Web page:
Friday, August 31, 2007
The ocean is a marvelous place, full of prolific and wonderous life of many kinds. For us, the littoral zone, where the land meets the water, has always held a special fascination. A very high percentage of the creatures and plants that inhabit our waters lives there, and it's mostly shallow enough to be observed closely from a kayak, or even while wading ankle-deep along the shore. Sea urchins, crabs, starfish, jellyfish, razor clams, and seaweeds to numerous to mention - no wonder we spend so much time paddling alongshore!
Since I'm new to this blogging bit (like three days!), I don't know the protocol re photos - I've just been using whatever I find on the hard drive that I believe was taken by either myself or my wife. If I inadvertently use something belong to anyone else that's on my HD, my apologies; I'd gladly add a photo credit IF I can figure out how to do that.
Thursday, August 30, 2007
...at St. Chad's, a tiny community on the Eastport Peninsula. Just outside the harbour, there's a string of small islands, absolutely perfect for an afternoon island hopping, as there's always shelter in their lee if the wind pipes up. Steep shingle beaches on the seaward sides, however, attest to the fact the onshore winds could make this a pretty inhospitable place for small vessels.
What's the point of a paddle, or even a day berry picking or hiking, without a boilup? Winter, spring, summer or fall, the old piper kettle has a way of sneaking into the gear bag and unto the fire.
The kettle was made by an uncle as a wedding present for my parents, who dearly loved salmon fishing and spent a lot of time in the woods, in the late 1930's. Solid copper, it's been silver- soldered around the spout a few times over the years, but is still amazingly otherwise leak free. Definitely one of our family treasures, and still the quickest boiling kettke I've ever seen.
...and so are the winds.
If the early-bird weather lads have it right, there's gonna be wind - gusts to 83 kms. Saturday, and still strongish Sunday. Just in case it's been awhile since your last blast, here's a shot taken on a breezy day in Burnside. Too much like work for me...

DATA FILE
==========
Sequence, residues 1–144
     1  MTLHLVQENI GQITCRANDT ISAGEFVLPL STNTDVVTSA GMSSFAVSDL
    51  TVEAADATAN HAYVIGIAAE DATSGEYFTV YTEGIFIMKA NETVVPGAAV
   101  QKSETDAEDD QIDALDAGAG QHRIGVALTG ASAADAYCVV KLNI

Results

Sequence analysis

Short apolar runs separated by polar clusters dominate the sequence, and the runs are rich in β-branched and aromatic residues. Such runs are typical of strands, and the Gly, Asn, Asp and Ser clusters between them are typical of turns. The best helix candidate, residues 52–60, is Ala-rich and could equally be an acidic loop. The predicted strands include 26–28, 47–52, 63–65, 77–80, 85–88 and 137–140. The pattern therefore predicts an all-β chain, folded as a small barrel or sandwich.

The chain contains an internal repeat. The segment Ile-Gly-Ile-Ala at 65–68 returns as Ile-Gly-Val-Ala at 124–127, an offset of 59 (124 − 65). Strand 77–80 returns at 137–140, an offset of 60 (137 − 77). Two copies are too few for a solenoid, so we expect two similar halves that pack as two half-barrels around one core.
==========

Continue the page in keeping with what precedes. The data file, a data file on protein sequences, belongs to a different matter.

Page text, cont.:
Of the things I love about paddling, here's one the best - the sight of my wife's Cape Horn nestling with my VOLKSKAYAK atop the Sidekick. After over thirty years of being married and paddling together, it's really odd to see one of us on the water without the other. By now we both pretty well know what level of risk (there's always some!) each of us finds comfortable and how the other will react in given situations. We even agree on lunches - large and frequent, with nice warm tea to wash it down. Lucky me.
Wednesday, August 29, 2007
Located near Salvage, Bonavista Bay, Sailors Island is just a short paddle from the launch site at Wild Cove Park. There's an excellent small harbour with a good landing beach at the far end of the island. A short walk around will soon show signs of earlier days when the island was inhabited - rocks walls formed as people broke new land, and tress that aren't native to Newfoundland's wilderness. Today, however, only a few fuzzy and curious friends remain.
That's our Newfoundland coastline - nooks and crannies galore, a folded and convoluted interface between land and sea. Harsh, yes, in some ways - but very, very beautiful, in a way that binds some of us to it so strongly that living anywhere else seems unimagineable. Kayaks, of course, are the perfect vehicle for exploring these alongshore waters, as this scene just out St. Chad's on the Eastport Peninsula shows.
Wreckhouse, located on the island's west coast near the Codroy Valley, is notorious for the very strong winds created as they are funneled between two mountain ranges. In days past, the railway had an employee and his family living in a house in the pass whose job it was to warn trains when the winds were too strong to go thru; his wife continued in this role after his death.
While the trains are gone, the winds remain; today, flashing lights on the Trans Canada Highway alert tractor trailers that they're likely to be blown off the road when the wind's up. Even on a 'civil' day, kayakers are well advised to make sure everything is well lashed down as they go thru Wreckhouse.